Parade ushers in the holiday spirit like it’s 1980

ENCINITAS — The Encinitas Holiday Parade rolled down Coast Highway 101 on Dec. 3. The weather cooperated with the annual festivities allowing clear skies by the time Santa and Mrs. Claus lit the tree at the Lumberyard shopping center at 5 p.m.
In honor of the city’s 25th anniversary, the theme celebrated the 1980s era. Madonna lookalikes and neon clothing abound as participants made their way down the parade route. Even 80s music blared from floats, evoking memories of “Top Gun” and “Footloose.”
“Í think the nostalgia of the parade this year is in line with what a lot of us remember growing up,” said Sabrina Laury. The 40-year-old resident remembered well the first years of the city’s growth. “The parade is always something that has been around and we can count on,” she said.
Adventure scout troops and Indian princess groups waited anxiously atop razor scooters until they were called to join the line of floats and marching bands. “This is fun,” said Encinitas resident Jordan Walsh, 7. “My brothers said they would be out there to cheer me on,” he said looking tentatively into the crowd.
An estimated 20,000 people attended the annual event according to city staff. “Even though there are a lot of spectators here you always run into so many people you know,” said Encinitas resident Sharon Wilson. “We end up staying way longer than the parade lasts because we have a chance to catch up with friends we don’t get to see on a regular basis. It makes it feel like a small town again.”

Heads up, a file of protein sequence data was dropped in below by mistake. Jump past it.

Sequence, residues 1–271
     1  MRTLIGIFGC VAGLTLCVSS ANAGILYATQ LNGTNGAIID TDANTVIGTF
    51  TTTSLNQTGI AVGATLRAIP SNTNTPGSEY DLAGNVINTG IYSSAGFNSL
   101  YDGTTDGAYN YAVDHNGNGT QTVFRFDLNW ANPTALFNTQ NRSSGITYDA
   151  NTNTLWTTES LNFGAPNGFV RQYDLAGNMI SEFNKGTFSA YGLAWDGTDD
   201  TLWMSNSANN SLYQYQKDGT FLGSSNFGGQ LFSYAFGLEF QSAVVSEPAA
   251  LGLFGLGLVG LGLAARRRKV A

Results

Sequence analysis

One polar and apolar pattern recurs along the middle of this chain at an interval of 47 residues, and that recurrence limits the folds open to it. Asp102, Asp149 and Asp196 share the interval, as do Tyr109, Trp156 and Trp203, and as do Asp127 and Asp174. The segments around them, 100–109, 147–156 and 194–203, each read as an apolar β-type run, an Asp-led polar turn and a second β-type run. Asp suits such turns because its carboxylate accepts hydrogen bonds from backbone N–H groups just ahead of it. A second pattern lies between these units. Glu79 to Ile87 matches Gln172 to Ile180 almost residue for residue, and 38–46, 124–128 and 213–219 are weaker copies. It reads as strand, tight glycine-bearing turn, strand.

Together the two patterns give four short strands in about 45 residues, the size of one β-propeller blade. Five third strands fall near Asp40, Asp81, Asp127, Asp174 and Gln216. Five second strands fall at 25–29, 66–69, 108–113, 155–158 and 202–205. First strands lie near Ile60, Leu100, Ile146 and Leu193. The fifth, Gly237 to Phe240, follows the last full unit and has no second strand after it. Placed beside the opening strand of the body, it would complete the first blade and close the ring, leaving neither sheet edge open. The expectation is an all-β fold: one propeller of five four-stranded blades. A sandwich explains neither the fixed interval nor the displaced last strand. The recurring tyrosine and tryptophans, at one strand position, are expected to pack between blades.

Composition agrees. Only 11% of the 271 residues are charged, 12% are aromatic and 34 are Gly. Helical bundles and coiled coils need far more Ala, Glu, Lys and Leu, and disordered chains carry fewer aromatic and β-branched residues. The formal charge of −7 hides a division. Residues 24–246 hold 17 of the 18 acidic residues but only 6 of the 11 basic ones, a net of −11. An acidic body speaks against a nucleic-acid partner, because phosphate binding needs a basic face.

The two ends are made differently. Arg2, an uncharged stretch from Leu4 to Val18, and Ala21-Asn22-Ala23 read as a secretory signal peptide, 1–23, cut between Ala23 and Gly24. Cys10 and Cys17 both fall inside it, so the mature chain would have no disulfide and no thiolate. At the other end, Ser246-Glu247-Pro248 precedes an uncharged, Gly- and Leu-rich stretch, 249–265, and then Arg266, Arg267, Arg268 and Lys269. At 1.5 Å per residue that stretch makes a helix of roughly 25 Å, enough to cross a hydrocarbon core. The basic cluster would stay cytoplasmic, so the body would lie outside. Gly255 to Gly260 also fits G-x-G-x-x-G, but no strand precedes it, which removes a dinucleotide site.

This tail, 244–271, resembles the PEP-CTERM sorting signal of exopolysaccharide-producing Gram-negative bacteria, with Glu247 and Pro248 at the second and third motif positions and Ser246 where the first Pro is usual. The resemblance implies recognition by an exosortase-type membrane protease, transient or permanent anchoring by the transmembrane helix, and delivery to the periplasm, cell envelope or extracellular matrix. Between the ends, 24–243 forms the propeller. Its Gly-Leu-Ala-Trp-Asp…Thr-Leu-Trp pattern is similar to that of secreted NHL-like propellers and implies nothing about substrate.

The 54th annual parade featured more than 100 entries, including floats, marching bands and local organizations. This year’s grand marshal was Don Hansen, founder of Hansen’s Surfboards, which is celebrating its 50th year in business.
While the parade celebrated the bridging between each of the city’s five distinct communities, its history isn’t without disagreement. In 2005, former Councilman Dan Dalager, who was then mayor, changed the name of the parade from the Encinitas Holiday Parade to the Christmas Parade without a vote of the council. Some non-Christian and Christian residents alike objected to the change, while others applauded the move to return Christmas to the community spotlight.
Four years after the controversy, the parade name was more than an afterthought for many attendees. “I think it should be called something that everyone can relate to,” said Jared Polk, a Leucadia resident. “It’s a community event during the holidays so it should include everyone. That’s what the spirit of the season is all about.”
Cynthia Davis, a Cardiff-by-the-Sea resident sat along the parade route with her husband, John and toddler twins as the sun went down and the temperature dropped. “The kids love the sights and sounds of the floats and the different characters that come by,” she said. “It was pretty low-key this year but I think Santa is always their favorite no matter what’s in the parade.”

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